And, for all its Apocalyptic portents, even That is but a distraction from the steady erosion of Power from the People here in the shining city, the Great Republic, the Last Hope for the World. Oh, I know--the hippies ruined it for all of us, freaking out about the collapse of the good old Apple Pie Chevrolet. Those weirdos! Obviously the broad plain of the '70s only beckoned us towards a dream-come-true of fast foods and hilarious sitcoms! How Chicken Little of me, to believe the goddamn Sky might be falling--"the Man, the System, the whole Plastic Fantastic Nightmare!"
What a cliche to believe that the thing that's been threatening to happen and in the process of happening and HAPPENING for the duration of human history might be HAPPENING right now, again, in our time. You know--the thing that happens--the powerful pulling a con on the weak until the weak cobble together first the hopelessness then the awareness then the fearlessness then the numbers then the power to wrench the machinery back their way, in the bloody and raw-knuckled fashion that is all that's left open when Revolution is the only possibility--and don't doubt for a second that that's what it would take to lever Goddamn Dick Cheney off his hard-won seat of power, and if saying so makes me Jose Padilla then that's even funnier than Jose Padilla being Jose Padilla, because all I want is a salary, benefits, and decent public schools.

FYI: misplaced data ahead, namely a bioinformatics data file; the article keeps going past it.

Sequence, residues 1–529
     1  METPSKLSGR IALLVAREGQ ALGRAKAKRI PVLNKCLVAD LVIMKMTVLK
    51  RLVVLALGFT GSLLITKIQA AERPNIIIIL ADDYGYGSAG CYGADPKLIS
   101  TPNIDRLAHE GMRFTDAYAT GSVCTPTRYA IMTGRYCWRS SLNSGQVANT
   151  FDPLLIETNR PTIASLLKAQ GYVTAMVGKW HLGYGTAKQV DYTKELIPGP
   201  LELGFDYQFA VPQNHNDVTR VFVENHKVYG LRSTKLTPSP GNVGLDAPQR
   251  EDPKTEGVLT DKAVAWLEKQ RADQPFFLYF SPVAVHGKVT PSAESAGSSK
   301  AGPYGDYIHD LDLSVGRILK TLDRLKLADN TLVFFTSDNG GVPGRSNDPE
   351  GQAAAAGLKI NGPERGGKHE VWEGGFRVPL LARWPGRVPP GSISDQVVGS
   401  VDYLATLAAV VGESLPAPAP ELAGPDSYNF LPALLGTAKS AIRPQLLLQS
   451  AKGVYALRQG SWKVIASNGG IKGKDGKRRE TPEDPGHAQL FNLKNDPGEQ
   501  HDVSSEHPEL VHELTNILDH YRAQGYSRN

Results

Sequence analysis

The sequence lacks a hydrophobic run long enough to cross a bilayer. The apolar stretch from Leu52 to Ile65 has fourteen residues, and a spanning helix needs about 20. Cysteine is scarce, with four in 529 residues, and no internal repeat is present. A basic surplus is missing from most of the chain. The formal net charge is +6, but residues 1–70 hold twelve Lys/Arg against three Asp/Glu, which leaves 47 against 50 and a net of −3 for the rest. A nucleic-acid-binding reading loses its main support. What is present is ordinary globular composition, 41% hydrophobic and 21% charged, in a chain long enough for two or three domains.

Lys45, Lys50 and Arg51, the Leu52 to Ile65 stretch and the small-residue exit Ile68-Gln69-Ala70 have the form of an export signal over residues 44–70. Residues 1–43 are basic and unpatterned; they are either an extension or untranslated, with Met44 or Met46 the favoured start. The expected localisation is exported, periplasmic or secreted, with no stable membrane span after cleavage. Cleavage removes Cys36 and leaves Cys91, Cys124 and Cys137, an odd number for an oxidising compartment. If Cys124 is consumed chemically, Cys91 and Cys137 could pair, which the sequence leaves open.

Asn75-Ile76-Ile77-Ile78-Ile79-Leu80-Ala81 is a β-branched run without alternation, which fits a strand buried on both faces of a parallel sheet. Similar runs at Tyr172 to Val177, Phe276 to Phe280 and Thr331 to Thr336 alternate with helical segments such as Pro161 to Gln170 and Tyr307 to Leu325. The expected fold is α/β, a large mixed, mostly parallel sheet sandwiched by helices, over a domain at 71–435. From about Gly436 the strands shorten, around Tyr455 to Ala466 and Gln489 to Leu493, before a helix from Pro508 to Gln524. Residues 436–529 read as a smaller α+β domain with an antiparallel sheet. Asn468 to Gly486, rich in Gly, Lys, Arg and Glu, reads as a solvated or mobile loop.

Anyway, how uncool and how cliche. Me, sitting here with my fine stereo blaring away overhead, and my computer readily responding to every keystroke, and my wife and my children each sleeping in their own rooms. Little old petite-bourgeouis me.
My point is, I feel weird and pessimistic in a way I never have before. I feel like the cards are stacked against everyone from my level on down, and the dealers are flipping us off and saying, "What're you gonna DO about it?" There are more liars than ever before, up and down the media chain, denying that things are as bad as they seem, let alone that anyone they support is responsible. Moments of Truth arise every day, and the truth is made to bend the knee of fealty to Mammon again and again.